- They describe their bike events as a “half-protest, half-party-bike-ride.”
- Co-founder Jacob Unterreiner says he recently cured his “car blindness.”
- “It just doesn’t make sense for people to each be bringing a personal machine of this size, spatially, it doesn’t fit very well into an urban area,” he says. “It creates a lot of danger for people outside of vehicles and in them, for that matter. The pollution, the noise.”
A lot of Charlotte Urbanists’ work is about making points. When John Holmes cycles his commute at rush hour, he skips the back road for an “absolutely hostile roadway.” He describes breezing by hundreds of bumper-to-bumper cars on WT Harris Boulevard without issue, other than some concern for his safety.
- “If there was a safe, nice, wide bike lane on that route … imagine how many of those cars would probably be using that instead,” Unterreiner says of his friend’s commute.
Charlotte Urbanists, John Holmes says, strive to reach and represent underserved communities in Charlotte, many which disproportionately lack access to cars.
- “If we wanted to look at traffic fatalities, it would quickly show our poorest communities are the ones most affected,” he adds.
The other side: The same way bicyclists and drivers clash on roadways, urbanists are met with resistance from city leaders balancing budget and time constraints, residents striving for the American Dream of a single-family home, and those who don’t see the benefit of public transit, often because they don’t need to use it.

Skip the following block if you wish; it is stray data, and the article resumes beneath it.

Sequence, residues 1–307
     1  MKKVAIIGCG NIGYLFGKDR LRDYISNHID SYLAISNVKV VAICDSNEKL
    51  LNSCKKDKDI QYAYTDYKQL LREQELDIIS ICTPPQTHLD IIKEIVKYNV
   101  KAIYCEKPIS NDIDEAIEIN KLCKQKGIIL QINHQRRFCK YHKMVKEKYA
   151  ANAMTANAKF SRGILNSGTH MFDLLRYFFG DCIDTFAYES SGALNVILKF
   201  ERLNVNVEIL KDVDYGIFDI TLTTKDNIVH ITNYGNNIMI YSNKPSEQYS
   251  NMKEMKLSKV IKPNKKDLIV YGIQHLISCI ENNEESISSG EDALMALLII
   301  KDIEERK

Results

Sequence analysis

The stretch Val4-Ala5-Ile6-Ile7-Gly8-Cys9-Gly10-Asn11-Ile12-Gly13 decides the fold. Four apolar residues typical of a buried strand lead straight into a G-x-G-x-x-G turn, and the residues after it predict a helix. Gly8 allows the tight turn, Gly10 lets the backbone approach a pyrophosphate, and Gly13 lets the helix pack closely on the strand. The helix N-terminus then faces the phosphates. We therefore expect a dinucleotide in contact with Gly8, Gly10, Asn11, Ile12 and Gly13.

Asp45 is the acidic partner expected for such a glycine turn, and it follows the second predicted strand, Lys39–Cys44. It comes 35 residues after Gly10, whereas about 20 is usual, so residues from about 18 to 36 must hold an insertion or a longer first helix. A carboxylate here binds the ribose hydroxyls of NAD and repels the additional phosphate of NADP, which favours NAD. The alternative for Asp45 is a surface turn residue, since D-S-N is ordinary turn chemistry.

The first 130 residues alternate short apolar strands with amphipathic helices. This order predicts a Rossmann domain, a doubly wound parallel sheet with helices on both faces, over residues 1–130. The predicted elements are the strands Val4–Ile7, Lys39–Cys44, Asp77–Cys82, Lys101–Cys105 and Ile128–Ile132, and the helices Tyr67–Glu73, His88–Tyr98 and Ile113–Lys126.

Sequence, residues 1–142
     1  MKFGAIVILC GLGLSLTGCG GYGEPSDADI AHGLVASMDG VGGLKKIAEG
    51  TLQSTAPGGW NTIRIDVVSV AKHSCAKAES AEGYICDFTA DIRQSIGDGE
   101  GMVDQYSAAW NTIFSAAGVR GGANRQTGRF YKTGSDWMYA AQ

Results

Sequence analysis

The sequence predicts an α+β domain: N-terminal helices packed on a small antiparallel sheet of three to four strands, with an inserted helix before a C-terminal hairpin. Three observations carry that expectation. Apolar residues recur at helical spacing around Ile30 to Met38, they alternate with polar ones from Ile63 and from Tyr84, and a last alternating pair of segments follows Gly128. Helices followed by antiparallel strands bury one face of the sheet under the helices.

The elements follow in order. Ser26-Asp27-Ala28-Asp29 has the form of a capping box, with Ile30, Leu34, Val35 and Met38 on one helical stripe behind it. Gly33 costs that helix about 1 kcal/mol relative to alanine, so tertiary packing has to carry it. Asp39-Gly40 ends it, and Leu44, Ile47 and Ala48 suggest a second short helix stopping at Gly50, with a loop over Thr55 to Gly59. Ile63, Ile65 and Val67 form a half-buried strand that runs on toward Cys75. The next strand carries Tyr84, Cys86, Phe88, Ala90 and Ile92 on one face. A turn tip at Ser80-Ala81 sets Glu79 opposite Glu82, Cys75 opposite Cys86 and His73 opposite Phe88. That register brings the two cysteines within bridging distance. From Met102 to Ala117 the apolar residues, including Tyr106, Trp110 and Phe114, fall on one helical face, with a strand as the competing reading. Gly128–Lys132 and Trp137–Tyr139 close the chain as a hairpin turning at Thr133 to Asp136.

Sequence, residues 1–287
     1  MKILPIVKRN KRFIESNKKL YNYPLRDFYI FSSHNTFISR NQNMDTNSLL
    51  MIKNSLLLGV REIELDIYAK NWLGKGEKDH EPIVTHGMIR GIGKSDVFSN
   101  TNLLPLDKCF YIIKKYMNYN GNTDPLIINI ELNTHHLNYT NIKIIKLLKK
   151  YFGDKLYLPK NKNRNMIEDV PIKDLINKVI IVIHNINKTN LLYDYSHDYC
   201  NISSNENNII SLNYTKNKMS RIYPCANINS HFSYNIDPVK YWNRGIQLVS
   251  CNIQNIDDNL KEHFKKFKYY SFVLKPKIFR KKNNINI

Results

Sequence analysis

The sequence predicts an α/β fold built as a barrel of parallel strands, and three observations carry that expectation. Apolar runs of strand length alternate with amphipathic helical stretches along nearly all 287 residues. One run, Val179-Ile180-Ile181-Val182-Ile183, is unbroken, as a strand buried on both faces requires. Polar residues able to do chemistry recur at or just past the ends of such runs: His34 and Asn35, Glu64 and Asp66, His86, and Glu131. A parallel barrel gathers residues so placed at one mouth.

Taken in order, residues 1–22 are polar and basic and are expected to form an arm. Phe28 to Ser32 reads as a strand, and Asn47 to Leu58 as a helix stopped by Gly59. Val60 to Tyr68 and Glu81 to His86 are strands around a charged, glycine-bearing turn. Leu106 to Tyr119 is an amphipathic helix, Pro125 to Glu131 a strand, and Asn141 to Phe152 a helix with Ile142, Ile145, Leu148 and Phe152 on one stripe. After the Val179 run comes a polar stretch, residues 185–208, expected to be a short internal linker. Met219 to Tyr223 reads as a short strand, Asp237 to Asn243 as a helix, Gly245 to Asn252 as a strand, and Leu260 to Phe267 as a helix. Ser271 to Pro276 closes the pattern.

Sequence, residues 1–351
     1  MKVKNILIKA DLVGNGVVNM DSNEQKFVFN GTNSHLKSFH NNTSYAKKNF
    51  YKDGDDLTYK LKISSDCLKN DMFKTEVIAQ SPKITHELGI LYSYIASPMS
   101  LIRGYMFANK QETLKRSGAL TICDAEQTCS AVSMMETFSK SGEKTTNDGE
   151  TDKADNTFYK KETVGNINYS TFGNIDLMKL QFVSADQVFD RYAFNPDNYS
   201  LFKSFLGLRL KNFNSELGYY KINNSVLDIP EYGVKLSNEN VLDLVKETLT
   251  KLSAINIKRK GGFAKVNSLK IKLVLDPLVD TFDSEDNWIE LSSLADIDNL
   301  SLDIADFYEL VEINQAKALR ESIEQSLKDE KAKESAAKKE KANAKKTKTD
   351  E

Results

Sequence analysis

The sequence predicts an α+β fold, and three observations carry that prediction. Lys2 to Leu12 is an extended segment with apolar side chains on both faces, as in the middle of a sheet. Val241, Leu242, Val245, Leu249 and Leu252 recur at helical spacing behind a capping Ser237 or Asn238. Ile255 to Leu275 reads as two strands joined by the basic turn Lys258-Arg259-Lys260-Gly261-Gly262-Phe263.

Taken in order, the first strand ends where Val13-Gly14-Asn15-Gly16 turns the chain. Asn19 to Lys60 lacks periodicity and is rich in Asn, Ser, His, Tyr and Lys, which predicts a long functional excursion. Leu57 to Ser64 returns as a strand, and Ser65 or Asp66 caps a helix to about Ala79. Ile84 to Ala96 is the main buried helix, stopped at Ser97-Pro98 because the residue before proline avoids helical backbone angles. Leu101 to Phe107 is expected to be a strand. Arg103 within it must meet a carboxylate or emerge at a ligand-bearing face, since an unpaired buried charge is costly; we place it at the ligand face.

The entire City of Charlotte was divided over the decision to open up single-family neighborhoods to more medium-density housing.
- A Twitter fury erupted this month when Lawrence Shaheen, a well-known Charlotte attorney and political strategist, posted a photo of a line of cars next to a clear car-turned-bike lane.
- “The unhealthy obsession with bike lines in transportation policy is beyond comprehension,” he wrote, later adding, “The bike lobby is real, loud, and effective apparently.”
Zoom out: So, when did the City of Charlotte start to lean into new urbanism? Over the last decade, hires in the transportation and planning departments have brought urbanist perspectives to the city staff, planning manager Monica Holmes tells me.
Major events that have come to Charlotte — like the 1994 Final Four and the 2012 Democratic National Convention — shined a spotlight on Uptown: what it had to offer and where it lacked, most notably, in walkability.
- As the LYNX Blue Line was built in the early 2000s, Charlotte passed a transformational transit-oriented ordinance promoting wider sidewalks, less parking and taller buildings along the light rail. An update of the regulations a few years ago raised the bar for design, Monica Holmes says.
- “All the (new) development that you see in South End … most of it was built under that ordinance,” Monica Holmes says. “It really created a framework for walkability.”